Ever since I can remember, Silicon Valley has been enamored with the idea of group editing of documents. Very little good writing gets done that way, of course. It’s like the joke that a camel is a horse designed by committee.
But collaboration around documents is immensely useful, so people can share ideas, suggest revisions, and provide other feedback to the document writer or editor to incorporate into the final result. Even simultaneous multiuser access has its place, such as for documents that track progress or schedules and documents that contain boilerplate information for group use.
Google made document collaboration a hallmark many years ago in its G Suite, then called Google Apps, letting people share documents via the web with other users for both collaborative editing and read-only distribution. That eliminated the problem inherent in both paper and email copies of each person needing to track which version is the most recent—and ensuring that they have it.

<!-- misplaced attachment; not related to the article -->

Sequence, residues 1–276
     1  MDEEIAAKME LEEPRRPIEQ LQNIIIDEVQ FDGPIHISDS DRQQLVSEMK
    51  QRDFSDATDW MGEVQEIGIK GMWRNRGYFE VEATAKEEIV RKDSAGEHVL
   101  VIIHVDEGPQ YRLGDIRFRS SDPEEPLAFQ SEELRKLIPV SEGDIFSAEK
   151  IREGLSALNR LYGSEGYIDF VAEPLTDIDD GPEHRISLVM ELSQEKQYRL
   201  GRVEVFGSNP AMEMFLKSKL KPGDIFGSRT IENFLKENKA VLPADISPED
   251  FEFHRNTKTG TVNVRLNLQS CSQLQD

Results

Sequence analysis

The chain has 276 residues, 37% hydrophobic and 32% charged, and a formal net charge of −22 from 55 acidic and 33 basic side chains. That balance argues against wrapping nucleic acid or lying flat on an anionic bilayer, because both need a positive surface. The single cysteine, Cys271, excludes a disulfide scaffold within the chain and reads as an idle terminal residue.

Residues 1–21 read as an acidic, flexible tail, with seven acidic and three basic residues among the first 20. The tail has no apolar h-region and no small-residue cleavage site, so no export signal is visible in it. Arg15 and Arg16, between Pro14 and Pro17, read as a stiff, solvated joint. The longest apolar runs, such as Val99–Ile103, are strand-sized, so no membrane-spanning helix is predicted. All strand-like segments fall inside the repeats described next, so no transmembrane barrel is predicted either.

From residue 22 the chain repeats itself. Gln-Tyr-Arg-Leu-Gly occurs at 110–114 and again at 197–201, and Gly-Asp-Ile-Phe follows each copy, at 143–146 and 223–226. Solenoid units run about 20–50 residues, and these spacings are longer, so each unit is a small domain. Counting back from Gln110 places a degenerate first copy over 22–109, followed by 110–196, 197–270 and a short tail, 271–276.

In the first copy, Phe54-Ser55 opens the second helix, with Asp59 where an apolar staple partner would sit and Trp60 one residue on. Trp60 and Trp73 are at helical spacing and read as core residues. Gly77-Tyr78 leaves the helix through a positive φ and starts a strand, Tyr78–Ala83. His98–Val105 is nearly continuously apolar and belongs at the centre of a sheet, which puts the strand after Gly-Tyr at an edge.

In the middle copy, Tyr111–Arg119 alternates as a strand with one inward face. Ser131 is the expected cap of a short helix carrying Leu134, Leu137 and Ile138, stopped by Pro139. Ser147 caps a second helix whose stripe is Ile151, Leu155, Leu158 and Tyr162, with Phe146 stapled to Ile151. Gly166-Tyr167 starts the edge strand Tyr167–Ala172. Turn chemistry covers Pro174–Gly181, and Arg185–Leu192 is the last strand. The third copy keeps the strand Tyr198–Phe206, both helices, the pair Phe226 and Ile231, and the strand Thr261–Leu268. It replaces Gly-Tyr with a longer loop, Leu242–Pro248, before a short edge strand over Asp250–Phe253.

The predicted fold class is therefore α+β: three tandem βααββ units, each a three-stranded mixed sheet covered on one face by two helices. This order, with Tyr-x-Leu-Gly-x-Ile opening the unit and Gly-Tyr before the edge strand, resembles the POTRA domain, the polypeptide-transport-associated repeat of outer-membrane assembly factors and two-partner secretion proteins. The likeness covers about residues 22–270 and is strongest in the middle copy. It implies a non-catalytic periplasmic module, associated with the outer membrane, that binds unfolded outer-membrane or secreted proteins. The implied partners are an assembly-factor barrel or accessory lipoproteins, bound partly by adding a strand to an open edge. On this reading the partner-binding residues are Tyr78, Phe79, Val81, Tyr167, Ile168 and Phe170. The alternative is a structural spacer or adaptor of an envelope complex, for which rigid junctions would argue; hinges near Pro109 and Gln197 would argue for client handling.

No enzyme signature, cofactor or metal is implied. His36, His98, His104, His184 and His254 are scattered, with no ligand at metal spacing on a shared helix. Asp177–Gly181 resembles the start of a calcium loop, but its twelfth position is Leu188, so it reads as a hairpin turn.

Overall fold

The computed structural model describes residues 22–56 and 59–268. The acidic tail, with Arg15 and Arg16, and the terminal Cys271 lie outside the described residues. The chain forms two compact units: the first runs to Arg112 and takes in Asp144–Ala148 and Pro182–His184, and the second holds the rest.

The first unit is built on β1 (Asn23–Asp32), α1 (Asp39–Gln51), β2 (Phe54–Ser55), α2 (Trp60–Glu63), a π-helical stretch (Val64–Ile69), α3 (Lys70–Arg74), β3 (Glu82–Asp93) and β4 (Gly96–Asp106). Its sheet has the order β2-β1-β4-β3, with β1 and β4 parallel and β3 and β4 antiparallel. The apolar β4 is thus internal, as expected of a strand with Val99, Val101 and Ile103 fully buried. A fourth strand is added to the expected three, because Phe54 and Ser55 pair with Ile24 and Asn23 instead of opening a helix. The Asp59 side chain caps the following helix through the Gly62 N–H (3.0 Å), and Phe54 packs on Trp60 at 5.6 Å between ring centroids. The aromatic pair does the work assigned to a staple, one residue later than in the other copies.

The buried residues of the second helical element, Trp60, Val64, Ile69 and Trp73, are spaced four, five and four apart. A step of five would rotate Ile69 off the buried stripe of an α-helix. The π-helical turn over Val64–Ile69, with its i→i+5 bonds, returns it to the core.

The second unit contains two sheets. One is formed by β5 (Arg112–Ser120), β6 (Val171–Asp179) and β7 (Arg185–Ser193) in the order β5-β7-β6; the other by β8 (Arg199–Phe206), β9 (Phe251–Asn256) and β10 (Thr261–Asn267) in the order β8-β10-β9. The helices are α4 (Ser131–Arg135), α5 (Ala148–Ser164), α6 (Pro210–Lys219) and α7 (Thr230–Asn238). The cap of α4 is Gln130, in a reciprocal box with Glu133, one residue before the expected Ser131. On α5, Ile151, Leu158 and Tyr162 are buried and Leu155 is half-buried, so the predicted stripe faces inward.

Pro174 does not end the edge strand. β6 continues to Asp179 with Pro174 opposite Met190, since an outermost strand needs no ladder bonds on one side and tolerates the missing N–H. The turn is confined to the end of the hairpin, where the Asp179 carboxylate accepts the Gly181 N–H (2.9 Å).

Microsoft has espoused online document collaboration for a long time, too, but its execution has been unsatisfying until recently. Tools like SharePoint were too complicated for most to set up, maintain, and use; SharePoint took the bureaucratic, overly rigid approaches of enterprise content management systems and inflicted them on everyday users. That’s why SharePoint in most organizations is as unused as the corporate intranet.
To continue reading this article register now